Paris is the most exciting place in the world. No other city has so much to offer in such a relatively small area, all the important sights can easily be reached on foot, or else by bus or metro. Paris is a world of colourful cafes, bustling restaurants, delicious food and wine, as well as of elegant fashions, chic boutiques and famous designer names. Broad, tree-lined boulevards stretch out from the heart, the Etoile, in all directions towards the Louvre Museum with its controversial glass La Defense, the new ‘second’ city of Paris, with its skyscraper buildings and gleaming white Arc, completed in 1989 as a symbol of the city’s modern achievements and its future.


The Carte Musees et Monuments (museum card) gives free admission to 70 museums and monuments in Paris, and the surrounding area with unlimited number of visits without the need to queue.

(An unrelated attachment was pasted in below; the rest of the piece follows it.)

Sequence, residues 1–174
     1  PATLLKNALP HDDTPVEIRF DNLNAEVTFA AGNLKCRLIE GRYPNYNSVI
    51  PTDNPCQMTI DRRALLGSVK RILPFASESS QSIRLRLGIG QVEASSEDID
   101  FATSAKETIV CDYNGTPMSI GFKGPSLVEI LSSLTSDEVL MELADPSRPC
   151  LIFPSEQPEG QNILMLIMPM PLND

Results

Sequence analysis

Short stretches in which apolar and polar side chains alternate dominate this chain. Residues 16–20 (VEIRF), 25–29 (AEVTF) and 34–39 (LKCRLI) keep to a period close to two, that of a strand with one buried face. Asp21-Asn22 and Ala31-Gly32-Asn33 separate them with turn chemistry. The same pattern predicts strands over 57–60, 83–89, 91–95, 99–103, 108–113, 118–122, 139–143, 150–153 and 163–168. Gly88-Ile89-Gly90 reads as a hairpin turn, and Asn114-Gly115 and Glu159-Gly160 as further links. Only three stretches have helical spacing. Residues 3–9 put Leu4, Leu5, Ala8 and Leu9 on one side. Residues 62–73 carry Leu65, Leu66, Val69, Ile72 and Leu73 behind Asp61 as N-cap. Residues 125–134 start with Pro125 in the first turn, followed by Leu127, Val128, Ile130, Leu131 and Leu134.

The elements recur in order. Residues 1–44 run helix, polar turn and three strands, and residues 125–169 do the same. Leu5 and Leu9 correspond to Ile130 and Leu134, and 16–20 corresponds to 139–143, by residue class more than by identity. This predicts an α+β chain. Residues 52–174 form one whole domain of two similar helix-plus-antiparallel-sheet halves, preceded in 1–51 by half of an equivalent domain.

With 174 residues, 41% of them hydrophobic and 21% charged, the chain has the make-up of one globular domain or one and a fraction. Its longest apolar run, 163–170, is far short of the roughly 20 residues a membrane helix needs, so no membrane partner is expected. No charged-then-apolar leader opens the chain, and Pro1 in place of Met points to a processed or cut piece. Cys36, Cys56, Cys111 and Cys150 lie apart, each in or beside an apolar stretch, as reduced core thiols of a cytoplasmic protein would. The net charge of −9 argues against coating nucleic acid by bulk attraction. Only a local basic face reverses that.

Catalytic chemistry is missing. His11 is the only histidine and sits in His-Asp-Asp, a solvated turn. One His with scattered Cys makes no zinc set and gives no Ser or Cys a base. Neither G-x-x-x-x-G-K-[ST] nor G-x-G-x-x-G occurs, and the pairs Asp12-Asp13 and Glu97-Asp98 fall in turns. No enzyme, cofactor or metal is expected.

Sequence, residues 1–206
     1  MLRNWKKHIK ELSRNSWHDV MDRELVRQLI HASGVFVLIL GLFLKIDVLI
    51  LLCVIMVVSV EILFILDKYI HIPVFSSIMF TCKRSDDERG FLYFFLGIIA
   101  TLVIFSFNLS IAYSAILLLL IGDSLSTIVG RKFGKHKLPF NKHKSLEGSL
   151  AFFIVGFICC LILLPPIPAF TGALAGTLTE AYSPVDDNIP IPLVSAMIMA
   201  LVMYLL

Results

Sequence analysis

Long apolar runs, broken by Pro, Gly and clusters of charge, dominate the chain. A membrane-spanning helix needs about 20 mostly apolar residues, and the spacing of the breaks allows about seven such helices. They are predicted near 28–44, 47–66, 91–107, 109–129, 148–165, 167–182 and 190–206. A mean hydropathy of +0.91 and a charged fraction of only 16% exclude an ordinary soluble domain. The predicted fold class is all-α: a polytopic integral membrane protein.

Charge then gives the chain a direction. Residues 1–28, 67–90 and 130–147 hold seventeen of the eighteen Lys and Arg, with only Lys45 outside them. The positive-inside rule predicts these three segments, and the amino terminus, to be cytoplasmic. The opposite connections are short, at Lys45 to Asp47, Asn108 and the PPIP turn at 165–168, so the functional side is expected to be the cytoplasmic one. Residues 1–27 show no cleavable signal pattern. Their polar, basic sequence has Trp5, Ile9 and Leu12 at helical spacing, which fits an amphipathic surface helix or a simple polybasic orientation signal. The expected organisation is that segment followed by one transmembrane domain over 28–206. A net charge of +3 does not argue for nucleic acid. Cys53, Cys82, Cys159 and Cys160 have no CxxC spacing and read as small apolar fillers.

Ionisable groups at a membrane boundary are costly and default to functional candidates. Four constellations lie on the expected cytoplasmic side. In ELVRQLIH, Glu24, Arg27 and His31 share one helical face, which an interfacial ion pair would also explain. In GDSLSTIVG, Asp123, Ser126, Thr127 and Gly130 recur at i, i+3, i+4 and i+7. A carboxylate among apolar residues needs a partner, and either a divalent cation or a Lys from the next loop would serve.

The Louvre allows plenty of time to view the wonderful collection of paintings, sculptures, furniture, jewellery, etc. in this massive museum (formerly the largest royal palace in France). Enter by the glass pyramid, which stands in the courtyard. Free admission on the first Sunday of each month. The Carrousel shopping gallery is under the museum.

The Musee d’Orsay houses 2,300 works of art – half of which are on permanent display – paintings, sculptures, furniture, photographs and a wonderful model of the Paris Opera House. The paintings include a breathtaking collection of Impressionist works formerly displayed at the Jeu de Paume.

The Georges Pompidou Centre is immediately to the East of the old Les Halles market and is a multi-purpose cultural centre, designed in 1977 by Richard Rodgers. Following extensive renovations, the Museum of Modern Art is now housed on the 4th and 5th floors, the public library on the 2nd and 3rd floors and on the 6th floor, an extremely trendy restaurant (Georges).